Included with this report are the two amendments that the Assembly approved on May 14th.  They are Assembly Amendments (AA) 1 and 9.  I've also attached a very good Legislative Council Memo that explains the changes made by AA 1, which is a 6-page amendment with lots of parts.  You can view this by logging into the WAA website (www.waaonline.org) and clicking the links in this report or contact Kristy at the WAA office to get the PDF documents emailed to you. 

Milwaukee County Sheriff's Official Questions Eviction Law Change By Don Walker of the Journal Sentinel, May 13, 2013 A top Milwaukee County sheriff's inspector says he is concerned about the effect a pending Assembly bill that changes the way evictions are handled in Wisconsin would have on law enforcement. Inspector Edward Bailey told members of the Milwaukee legislative delegation in a letter that proposed changes in Assembly Bill 183 and a companion bill in the Senate "would not fit well with our experiences in a major urban city." Bailey said it was his understanding the bill would give a landlord the ability to notify a sheriff's department that the tenants' property can be disposed of without the presence of law enforcement.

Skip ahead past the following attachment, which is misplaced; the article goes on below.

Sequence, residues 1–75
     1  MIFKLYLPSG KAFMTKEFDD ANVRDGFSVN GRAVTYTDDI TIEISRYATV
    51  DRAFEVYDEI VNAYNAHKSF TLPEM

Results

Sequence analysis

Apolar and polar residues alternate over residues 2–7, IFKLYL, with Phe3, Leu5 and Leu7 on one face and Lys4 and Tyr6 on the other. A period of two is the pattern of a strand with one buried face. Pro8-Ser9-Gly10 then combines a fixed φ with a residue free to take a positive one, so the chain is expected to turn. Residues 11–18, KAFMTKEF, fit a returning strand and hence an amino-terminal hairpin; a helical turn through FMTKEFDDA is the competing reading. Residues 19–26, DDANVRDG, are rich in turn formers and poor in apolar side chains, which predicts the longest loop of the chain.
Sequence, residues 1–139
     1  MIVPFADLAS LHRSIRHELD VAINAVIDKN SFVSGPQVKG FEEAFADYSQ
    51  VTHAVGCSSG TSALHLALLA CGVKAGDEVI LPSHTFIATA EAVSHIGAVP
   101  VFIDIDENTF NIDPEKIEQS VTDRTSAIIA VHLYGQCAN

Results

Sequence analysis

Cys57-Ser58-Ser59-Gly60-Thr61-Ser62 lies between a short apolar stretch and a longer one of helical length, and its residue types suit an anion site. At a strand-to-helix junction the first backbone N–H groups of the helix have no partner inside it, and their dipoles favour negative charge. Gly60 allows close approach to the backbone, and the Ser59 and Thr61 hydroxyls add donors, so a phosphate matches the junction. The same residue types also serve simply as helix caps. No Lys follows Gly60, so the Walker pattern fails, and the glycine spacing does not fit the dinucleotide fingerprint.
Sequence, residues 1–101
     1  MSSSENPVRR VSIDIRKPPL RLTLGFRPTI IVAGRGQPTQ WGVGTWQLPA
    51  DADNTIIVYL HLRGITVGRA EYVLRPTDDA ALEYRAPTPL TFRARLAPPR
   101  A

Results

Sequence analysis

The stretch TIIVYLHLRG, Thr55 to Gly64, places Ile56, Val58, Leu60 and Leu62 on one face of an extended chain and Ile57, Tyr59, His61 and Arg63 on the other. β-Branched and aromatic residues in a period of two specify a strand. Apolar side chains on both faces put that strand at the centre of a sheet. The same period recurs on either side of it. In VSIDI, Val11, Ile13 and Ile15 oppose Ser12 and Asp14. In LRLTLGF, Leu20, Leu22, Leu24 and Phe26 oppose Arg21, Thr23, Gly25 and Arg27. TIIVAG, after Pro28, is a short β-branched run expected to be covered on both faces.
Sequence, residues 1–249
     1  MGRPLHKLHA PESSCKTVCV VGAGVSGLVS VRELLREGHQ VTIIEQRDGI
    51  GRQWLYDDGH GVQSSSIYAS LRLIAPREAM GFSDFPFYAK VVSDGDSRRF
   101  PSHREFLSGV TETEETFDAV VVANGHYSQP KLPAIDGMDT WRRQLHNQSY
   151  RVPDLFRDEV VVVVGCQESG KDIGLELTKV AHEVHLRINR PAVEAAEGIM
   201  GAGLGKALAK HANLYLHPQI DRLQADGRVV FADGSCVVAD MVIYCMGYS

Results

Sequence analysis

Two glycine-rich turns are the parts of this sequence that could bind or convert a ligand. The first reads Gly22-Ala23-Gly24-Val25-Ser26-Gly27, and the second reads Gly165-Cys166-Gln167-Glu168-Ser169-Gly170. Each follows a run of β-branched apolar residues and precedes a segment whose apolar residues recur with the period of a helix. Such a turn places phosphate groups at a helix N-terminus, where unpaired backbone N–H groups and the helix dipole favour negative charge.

The bill states that if a tenant is evicted and leaves property behind, "the landlord may assume the tenant has abandoned the property," unless the parties have entered into a written agreement. Under existing law, if a landlord does not intend to store personal property left behind, the landlord must provide written notice to the tenant when the tenant enters into a rental agreement and when the tenant renews the agreement.

 

An aide to Rep. Duey Stroebel (R-Saukville) said the bill gives landlords the option of disposing of property themselves or having the sheriff's department in each county remove it with the help of a mover. 

Bailey said deputies have made arrests at homes or apartments where evictions are under way, have had to protect movers and landlords from assault, and have been attacked.

 

 

 

 

Tenant Resource Center Says AB 183 will Harm Both Tenants and Landlords This is a press release issued by the Tenant Resource Center on 5/13/2013.

The Tenant Resource Center Board of Directors is proud of its long-standing service to both tenants and landlords throughout Wisconsin and does not often weigh in on legislative matters that benefit either tenants or landlords. However, AB183 is so harmful to both tenants and landlords that the Tenant Resource Center is taking a position against it.